If they hear it at home, it has no crediblity
Take your average mild-mannered dental assistant wearing brightly colored scrubs, stand her in front of a kindergarten class and have her talk about the dangers of plaque. The kids will run home to use the new toothbrush she just handed out, and they'll skip the candy.
This time, though, mild-mannered mom and mild-mannered dental assistant were played by the same person. When she was cast last week as Boots' friend A's parent, it was as if he had chunks of wax blocking both ears. When she came to his class this week in a professional capacity, he was riveted and horrified.
"I have to brush more," Boots said. "And floss, too. Do you know that you have to brush your tongue so you won't get the plaque?"
Why, yes I did. I seem to recall telling you that for years. Demonstrating it even. You seemed determinedly disinterested, and brushing your teeth became a nightly battle of wills.
"I brushed, Mommy!" you'd say.
"Let me smell your breath." A huff and a puff, but no minty-fresh scent. You'd try to grin your way through it until I asked, "Do I need to check and see if your brush is wet?" You'd finally give in and huff and puff back upstairs. I'd have to call you out again when you'd quit less than a minute later, grinning again. "That wasn't long enough," I'd say. "Give it another try."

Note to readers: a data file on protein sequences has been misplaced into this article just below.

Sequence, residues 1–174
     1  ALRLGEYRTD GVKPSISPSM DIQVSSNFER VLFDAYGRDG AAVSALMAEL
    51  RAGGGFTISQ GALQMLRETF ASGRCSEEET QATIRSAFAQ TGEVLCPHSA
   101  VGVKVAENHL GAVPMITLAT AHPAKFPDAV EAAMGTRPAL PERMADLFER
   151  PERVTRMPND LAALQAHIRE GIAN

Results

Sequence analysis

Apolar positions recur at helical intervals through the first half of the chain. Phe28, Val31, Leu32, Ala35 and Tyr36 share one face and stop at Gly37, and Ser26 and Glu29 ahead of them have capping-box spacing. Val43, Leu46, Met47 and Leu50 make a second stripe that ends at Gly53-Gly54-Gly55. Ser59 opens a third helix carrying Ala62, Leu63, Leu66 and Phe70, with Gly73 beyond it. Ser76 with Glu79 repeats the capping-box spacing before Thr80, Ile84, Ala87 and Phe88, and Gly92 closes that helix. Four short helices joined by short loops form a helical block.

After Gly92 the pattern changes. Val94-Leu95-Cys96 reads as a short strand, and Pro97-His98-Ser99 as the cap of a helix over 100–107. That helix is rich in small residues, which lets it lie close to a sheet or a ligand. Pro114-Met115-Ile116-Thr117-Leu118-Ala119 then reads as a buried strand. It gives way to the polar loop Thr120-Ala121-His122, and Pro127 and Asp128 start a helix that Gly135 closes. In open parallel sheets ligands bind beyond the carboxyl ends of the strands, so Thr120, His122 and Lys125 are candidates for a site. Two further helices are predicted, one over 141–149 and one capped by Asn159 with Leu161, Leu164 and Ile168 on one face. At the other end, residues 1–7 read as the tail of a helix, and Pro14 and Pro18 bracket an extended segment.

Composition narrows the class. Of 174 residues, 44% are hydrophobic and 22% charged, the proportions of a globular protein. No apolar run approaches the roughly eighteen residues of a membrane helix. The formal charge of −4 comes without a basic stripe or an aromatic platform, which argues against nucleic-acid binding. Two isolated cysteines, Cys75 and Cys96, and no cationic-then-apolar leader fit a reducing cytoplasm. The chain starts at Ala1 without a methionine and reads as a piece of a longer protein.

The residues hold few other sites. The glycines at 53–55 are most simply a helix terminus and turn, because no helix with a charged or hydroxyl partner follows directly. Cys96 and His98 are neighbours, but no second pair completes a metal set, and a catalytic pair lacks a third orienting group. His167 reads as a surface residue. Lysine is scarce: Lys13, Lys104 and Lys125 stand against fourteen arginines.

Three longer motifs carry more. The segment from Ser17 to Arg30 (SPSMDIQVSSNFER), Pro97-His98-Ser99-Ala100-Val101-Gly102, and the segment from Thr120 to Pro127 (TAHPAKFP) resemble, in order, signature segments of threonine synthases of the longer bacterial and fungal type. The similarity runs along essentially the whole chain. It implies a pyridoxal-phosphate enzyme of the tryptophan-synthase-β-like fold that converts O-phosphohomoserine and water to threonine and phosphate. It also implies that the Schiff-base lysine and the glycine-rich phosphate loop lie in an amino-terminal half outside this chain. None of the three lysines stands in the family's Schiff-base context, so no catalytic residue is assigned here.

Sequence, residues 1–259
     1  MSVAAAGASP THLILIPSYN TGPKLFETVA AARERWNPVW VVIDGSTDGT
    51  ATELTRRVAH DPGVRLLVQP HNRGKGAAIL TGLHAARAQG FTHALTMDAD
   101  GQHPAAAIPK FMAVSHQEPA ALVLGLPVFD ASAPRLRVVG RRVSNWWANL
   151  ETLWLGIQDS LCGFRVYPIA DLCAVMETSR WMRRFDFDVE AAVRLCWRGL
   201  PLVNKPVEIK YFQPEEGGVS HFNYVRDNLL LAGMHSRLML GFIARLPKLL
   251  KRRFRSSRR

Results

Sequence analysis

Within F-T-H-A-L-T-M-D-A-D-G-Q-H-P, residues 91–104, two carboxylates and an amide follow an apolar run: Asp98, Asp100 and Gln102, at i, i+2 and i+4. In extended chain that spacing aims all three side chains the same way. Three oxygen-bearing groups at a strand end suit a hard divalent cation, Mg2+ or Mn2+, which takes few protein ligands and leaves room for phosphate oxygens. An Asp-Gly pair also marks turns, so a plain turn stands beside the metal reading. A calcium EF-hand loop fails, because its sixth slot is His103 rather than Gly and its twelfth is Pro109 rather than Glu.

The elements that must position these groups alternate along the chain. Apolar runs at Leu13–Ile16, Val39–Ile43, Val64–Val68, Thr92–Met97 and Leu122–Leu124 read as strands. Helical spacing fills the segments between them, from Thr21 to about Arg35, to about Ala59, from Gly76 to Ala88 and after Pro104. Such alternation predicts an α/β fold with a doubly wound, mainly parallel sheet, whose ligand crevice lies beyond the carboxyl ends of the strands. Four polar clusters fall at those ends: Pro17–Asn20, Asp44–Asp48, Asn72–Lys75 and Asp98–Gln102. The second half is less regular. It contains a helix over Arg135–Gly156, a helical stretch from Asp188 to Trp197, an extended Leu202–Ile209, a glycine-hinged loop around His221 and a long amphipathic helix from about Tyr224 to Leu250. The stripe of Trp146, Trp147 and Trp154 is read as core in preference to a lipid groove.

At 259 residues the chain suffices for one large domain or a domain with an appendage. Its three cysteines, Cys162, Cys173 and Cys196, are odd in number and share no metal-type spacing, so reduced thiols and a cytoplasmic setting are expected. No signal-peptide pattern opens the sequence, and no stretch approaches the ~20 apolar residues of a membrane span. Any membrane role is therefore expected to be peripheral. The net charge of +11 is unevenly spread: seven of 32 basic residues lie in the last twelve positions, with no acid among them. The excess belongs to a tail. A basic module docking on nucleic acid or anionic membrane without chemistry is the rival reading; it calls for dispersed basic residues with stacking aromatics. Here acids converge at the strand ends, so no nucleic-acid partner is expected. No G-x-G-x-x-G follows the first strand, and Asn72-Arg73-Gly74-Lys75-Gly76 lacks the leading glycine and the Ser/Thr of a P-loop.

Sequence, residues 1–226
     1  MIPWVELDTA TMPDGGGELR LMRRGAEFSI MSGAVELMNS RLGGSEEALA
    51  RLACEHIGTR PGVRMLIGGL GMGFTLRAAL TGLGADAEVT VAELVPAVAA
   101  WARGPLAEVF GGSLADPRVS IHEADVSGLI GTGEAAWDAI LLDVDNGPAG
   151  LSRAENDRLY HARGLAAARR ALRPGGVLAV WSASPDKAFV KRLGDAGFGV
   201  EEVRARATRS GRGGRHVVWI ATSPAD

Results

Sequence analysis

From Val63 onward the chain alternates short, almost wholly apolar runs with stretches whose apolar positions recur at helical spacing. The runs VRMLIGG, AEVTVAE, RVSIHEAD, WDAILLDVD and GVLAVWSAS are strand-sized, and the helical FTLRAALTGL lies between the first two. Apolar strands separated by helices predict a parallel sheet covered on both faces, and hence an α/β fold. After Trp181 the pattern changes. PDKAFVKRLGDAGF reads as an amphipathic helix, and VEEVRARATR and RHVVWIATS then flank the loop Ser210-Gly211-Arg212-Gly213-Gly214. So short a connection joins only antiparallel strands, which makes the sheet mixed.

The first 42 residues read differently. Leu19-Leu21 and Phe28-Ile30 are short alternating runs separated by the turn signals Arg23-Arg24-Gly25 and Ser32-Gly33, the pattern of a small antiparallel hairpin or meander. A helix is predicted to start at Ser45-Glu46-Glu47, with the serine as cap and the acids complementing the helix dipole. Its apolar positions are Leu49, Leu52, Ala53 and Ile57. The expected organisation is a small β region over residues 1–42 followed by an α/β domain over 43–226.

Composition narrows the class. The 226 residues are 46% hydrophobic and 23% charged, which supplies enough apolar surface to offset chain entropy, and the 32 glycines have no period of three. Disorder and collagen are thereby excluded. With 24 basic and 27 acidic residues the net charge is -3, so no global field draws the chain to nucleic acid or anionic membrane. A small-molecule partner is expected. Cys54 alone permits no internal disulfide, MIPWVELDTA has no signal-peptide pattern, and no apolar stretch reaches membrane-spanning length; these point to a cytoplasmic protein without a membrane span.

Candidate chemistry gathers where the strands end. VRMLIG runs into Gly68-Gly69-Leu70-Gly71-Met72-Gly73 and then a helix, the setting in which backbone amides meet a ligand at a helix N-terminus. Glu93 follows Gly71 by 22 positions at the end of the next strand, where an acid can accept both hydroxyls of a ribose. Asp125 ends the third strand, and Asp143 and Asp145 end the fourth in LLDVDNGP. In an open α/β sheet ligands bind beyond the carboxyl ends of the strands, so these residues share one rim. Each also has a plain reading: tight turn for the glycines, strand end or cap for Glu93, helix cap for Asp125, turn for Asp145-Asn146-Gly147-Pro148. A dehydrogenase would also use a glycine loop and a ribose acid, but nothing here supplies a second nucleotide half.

Somehow, miraculously, you emerged from all of that with what the dentist who was with A's mom declared to be "sparkly white teeth." I'm still not sure how that happened but, praise the Lord and pass the dental floss, I'm happy to hear that you've vowed to keep them that way.
And the next time I need to pass along important medical information, I'm going to first dig out an old pair of medical scrubs that I sometimes wear as pajamas. Perhaps the professional disguise will grab your attention. I doubt it, though. It still probably won't sink in until someone tells you at school.
Copyright 2011 Debra Legg. All rights reserved.